mLearning: Bringing Learning to Life
The majority of training professionals already recognize that the most effective training is interactive, continuous and takes place outside the formal classroom. In a nutshell, it happens in life, not in stand-alone training sessions. But how do you bring training to life?
Just a decade ago, the concept of mLearning was still difficult for many trainers and educators to accept. After all, predictions for the mobile generation were grim – more mobile devices would lead to a more distracted workforce and worse yet, a generation of workers who could text but not spell. From all accounts, mobile devices held little promise to be retooled as training or educational platforms.
Today, the size of our screens matters less than ever before, and mLearning is gaining ground. mLearning uses mobile devices from phones and tablets to MP3 players and laptops to deliver interactive learning experiences that can take place in any context at any time. But mLearning is more than a convenient and cost effective way to deliver training to people on the move. With smart design, it can bring learning to life on an unprecedented level.
First, with mLearning, employers can respond to training needs as they arise. It’s crisis responsive and in tune with the fast pace of the modern work world where new platforms and systems are constantly being rolled out and training can’t wait. As a result, mLearning fosters an adaptable and receptive workforce and holds the potential to heighten productivity.
Second, because mLearning happens on the same screens used to access other social media platforms, by design, it promotes discussion between workers, permitting them to collaborate and make the most of their shared knowledge base. In other words, mLearning harvests the benefits of the informal learning that already happens on the office floor but in this case, makes it available to workers outside work hours and beyond the workplace.
Third, mLearning favors the delivery of information in micro modules. This means that workers can move through modules more quickly. It also makes it easier for workers to review and reference materials they’ve just encountered. Bearing in mind that most learners retain less than 30% of information encountered during a typical training session, mLearning’s heightened capacity for review and reference is part of the model’s value added.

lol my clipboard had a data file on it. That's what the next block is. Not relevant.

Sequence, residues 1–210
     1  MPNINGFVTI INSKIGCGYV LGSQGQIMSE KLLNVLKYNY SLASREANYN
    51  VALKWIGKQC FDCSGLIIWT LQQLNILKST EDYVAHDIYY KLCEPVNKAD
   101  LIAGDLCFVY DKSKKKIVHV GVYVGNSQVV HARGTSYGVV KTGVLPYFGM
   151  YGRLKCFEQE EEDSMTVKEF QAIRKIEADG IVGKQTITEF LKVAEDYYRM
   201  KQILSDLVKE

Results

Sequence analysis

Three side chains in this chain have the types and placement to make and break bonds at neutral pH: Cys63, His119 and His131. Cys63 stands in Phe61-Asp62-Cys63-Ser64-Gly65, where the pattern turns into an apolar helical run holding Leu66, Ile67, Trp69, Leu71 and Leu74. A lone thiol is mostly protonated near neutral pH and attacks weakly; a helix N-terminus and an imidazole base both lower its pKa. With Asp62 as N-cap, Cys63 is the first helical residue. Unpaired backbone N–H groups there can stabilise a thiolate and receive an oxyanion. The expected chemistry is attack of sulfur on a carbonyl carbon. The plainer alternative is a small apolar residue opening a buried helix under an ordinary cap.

Fourth, mLearning can easily track employees’ training progress. Where applicable, the training process can also be incentivized to encourage faster and more successful progression through materials.
Finally, mLearning is integrative. It can happen in the locker room at the gym, in the park, or on the bus. Rather than demand that we take time away from our jobs or lives, mLearning integrates itself into our lives, but don’t assume that this is only appealing to millennials.
Look at the parents waiting to pick up their kids in the schoolyard or the people buying bulk at the grocery store – a high percentage of them are probably clutching a mobile device. Working adults with children, generally in their 30s to 50s, are just as addicted to their mobile devices as their kids. Adults juggling work and family commitments often know more than anyone else that every second counts. For busy working parents, mLearning, which is typically delivered in modules that can be completed in less than 10 minutes, offers a way to make the most of time that may otherwise be wasted standing in line or waiting at the doctor’s office.
Of course, mLearning’s benefits aren’t just for employees. Eliminating training sessions (not to mention the coffee and pastries employees typically expect when they attend these sessions) saves time and money. Fewer work hours are lost to training and the pressure to supply coffee and pastries that no one will complain about disappears. After all, with mLearning, the classroom can travel with learners to their favorite café and even to their own kitchen table. This is learning quite literally brought to life.
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